From vintage bags to an initiative to help the homeless, there’s plenty happening in the world of fashion.
When it comes to fashion bucket lists, owning a Chanel 2.55 is right up there with attending a Paris show.
So it’s lucky Hawkeye Vintage is holding one of its legendary sales this weekend, with 100 per cent authentic designer bags at rock bottom prices. Brands include Chanel, Hermes, Fendi, Gucci and more. Pieces have been sourced from overseas and all items are in pristine condition from the 1990s to 2000s.
The Lyall, 16 Murphy Street, South Yarra. Friday 10am-7pm, Saturday 10am-2pm. Cash only.
Hawkeye Vintage has a two-day sale of designer bags.
Finding a leather jacket on sale that you actually want to wear can be tough but not at the Ena Pelly warehouse sale. If you don’t mind the drive, you can score savings of up to 70 per cent off past seasons’ stock, samples and seconds.
2/10 Castles Drive, Torquay. Saturday-Sunday 10am-3pm.
Leather for less at Ena Pelly.
From leather to knitwear and New Zealand brand Sabatini is having a sale this weekend with huge savings on leather jackets reduced to $200 from $999 and jumpers from $50 (usually from $299).
Cosmopolitan Hotel, 2-8 Carlisle Street, St Kilda. Sunday-Tuesday 10am-3pm.
New Zealand brand Sabatini is holding a huge sale on leather and knitwear.
Fashion is sometimes accused of being superficial and the domain of the narcissist but it also does a heck of a lot of good.
Take Keep Melbourne Warm, the brainchild of designer Jason Grech that has had the city’s fashion fraternity – and the wider community – digging deep to help the homeless.
Grech, who is famous for his red carpet gowns, launched a 10-day campaign this month after seeing so many people on the streets as he was returning home after a night out.
“I had a suit on and I had never felt so cold and couldn’t wait to get home and into my warm bed. I had trouble sleeping because what I saw on our streets really moved me,” he said.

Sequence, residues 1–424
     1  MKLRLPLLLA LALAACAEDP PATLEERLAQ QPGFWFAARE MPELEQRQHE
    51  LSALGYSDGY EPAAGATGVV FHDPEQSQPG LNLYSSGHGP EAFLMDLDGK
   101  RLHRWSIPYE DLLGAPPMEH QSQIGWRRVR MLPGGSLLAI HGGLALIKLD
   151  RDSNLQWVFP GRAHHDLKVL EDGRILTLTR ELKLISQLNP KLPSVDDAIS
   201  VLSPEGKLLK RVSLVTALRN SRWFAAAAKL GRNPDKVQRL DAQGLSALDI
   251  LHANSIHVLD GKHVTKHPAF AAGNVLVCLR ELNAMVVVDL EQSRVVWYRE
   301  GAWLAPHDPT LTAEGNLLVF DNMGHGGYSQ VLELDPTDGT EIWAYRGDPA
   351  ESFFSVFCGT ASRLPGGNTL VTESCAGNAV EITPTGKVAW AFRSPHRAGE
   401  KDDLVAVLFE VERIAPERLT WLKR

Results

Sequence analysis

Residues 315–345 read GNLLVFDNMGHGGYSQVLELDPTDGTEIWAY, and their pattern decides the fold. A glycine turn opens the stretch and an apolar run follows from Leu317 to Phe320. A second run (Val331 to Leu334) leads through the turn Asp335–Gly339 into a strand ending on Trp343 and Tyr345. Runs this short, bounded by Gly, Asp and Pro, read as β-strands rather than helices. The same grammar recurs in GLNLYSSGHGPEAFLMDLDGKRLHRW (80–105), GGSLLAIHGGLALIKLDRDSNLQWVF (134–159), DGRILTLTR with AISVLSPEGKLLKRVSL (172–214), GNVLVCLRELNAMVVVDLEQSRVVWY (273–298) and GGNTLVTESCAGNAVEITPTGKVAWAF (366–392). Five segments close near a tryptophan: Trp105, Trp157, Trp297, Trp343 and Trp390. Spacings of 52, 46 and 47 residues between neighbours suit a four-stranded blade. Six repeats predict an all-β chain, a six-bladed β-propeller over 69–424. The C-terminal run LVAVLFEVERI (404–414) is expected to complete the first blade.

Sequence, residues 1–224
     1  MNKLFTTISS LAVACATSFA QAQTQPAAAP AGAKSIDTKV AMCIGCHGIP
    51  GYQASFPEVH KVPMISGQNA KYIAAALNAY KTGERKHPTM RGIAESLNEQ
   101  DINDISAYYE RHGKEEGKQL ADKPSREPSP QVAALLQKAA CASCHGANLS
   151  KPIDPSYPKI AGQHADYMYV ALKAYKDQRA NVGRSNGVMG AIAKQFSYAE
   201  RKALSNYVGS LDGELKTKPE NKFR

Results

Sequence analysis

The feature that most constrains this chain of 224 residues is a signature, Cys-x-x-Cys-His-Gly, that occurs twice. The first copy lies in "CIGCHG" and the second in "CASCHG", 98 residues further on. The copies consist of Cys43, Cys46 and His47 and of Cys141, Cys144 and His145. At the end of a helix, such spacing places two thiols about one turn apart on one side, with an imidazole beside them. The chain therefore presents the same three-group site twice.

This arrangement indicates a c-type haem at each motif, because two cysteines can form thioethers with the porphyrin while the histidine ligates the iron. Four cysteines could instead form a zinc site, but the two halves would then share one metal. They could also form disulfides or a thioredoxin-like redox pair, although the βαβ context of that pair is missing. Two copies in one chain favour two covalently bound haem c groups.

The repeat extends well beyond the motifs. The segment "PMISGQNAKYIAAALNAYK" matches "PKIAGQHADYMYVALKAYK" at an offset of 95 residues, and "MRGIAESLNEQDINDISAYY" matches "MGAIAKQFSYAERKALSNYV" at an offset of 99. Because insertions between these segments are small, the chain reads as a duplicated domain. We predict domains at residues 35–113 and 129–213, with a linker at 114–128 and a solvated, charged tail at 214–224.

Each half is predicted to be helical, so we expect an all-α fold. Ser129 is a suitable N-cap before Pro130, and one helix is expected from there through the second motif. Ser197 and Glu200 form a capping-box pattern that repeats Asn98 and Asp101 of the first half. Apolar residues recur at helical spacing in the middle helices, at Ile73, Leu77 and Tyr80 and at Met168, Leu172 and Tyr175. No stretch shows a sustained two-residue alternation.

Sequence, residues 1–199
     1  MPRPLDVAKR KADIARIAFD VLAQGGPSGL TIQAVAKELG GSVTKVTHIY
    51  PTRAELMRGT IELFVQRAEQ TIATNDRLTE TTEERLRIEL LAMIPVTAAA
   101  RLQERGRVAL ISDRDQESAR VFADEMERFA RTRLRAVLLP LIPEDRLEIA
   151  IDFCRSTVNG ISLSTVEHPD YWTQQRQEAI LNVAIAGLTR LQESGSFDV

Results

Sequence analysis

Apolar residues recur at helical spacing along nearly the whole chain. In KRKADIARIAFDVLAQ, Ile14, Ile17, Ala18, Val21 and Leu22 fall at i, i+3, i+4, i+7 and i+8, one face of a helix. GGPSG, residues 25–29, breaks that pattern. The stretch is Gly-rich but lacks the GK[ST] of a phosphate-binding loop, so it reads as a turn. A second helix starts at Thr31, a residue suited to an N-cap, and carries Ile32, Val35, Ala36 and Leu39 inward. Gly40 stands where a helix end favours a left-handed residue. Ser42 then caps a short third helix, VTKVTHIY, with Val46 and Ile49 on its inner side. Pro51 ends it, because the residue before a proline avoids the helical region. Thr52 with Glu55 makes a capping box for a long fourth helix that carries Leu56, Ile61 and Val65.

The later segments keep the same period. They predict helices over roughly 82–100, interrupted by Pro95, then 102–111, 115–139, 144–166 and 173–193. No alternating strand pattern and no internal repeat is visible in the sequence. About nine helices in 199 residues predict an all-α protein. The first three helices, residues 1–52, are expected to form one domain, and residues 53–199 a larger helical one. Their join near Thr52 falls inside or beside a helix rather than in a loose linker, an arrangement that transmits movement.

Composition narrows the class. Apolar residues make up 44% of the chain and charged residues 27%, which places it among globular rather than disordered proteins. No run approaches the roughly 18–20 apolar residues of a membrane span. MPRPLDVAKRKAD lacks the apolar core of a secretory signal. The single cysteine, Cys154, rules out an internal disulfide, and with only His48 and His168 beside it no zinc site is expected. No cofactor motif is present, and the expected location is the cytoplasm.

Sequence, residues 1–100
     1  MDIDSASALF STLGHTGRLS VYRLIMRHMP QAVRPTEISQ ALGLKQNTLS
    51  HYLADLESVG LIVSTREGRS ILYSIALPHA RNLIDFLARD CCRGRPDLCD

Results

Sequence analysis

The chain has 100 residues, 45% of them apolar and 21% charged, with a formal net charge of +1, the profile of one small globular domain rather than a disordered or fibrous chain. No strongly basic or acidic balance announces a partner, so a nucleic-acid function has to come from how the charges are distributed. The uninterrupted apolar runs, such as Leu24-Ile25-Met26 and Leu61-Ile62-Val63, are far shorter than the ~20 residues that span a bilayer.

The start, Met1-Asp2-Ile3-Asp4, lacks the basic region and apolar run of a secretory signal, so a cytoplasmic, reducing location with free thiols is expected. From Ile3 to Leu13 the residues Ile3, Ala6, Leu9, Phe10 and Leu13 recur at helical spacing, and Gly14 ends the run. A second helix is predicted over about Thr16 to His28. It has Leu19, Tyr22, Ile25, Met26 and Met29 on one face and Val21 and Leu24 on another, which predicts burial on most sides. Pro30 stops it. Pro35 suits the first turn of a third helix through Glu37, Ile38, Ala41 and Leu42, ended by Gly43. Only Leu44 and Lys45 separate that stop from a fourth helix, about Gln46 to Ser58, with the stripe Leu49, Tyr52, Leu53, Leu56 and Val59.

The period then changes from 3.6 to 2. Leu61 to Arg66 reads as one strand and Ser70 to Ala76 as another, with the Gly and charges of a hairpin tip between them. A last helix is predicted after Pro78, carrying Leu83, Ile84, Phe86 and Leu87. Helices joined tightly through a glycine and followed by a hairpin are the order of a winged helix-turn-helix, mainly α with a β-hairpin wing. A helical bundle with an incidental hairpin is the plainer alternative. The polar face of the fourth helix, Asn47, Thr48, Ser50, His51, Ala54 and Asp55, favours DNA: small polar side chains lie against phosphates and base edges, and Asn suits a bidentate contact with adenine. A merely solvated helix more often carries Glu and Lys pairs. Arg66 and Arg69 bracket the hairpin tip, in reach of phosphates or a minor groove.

After a restless night, Grech went shopping to put together packs of socks, food, toiletries and other essentials, and asked his friends to do the same.
Support has come from as far as the Netherlands, and many supporters have pitched in with homemade scarves and beanies.
“My nephew had mental health issues after being in an accident and was at times homeless. He took his life at 23 years old because he was in and out of care and the homeless have been more visible to me since. I’ve learned that it takes one person to make a difference, we can’t change the world but together we can change many lives,” Grech said.
To find out more, visit the Keep Melbourne Warm Facebook page.
Keep Melbourne Warm founder Jason Grech with designer Estelle Michaelides. Photo: Meagan Harding
There’s been plenty of bad news along Chapel Street, most recently the announcement that Topshop will be closing soon as the Australian arm of the UK fashion chain tries to stay afloat.
But in better news, Feathers has opened a new boutique at the Toorak Road end of the strip.
Owner Margaret Porritt, who is celebrating 45 years in the fashion business, said she aims to attract a younger audience to the brand.
“It’s a prime location. What we’re trying to do is get that 40-year-old to realise that Feathers is for them,” she said.
Ms Porritt said location was paramount when it came to opening a new store.
“Chapel Street generally after the railway line is a disaster but that little pocket is my demographic,” she said.
“Retail is so cruel at the moment. If you’re 10 shops down, people just don’t walk there.”
575 Chapel Street, South Yarra. Monday-Thursday 10am-6pm, Friday 10am-7pm, Saturday 10am-5pm, Sunday 11am-4pm.
The new Feathers store in Chapel Street, South Yarra.
In the early 1900s, you can imagine the humble bra looked quite different and the sports bra was still some 60 years from being invented.
Berlei, which has become synonymous with the sports bra in Australia, is celebrating its 100th birthday with a series of special edition styles designed by Sydney-based screenprinting artist Kate Banazi.
The four designs feature colours and patterns that Banazi says evoke qualities of energy and movement.
“It’s an extension of my personal work … it’s about relationships, about knitting together. It felt really appropriate for the direction Berlei wanted to go in,” Banazi told Fairfax Media.
The London-born artist has previously collaborated with Dion Lee and Qantas but this assignment introduced parameters unique to lingerie design.
Screen printer Kate Banazi and a model show the new Berlei sports bra designs. Photo: Anna Kucera
“It’s a very small space. You are utilising maybe 20 centimetres square,” she said.
But she enjoyed the challenge and the contrast of designing within more commercial boundaries than her own work.
“I enjoy working within those parameters and getting the same feel of my work … that thing of giving it over and letting someone else play with my work is quite liberating,” she said.
Banazi, who trained in menswear “and avoided patterns at all costs”, said fashion can help artists reach a broader audience.
“People have more access to fashion than they do art. Those collaborations can be important for young artists be seen or given an opportunity to work in a different way.”
The Berlei x Kate Banazi collection is on sale from this month online and through Myer, David Jones, Rebel, Harris Scarfe and independent retailers.
One of the bra prints Kate Banazi designed for Berlei’s 100th anniversary. Photo: Anna Kucera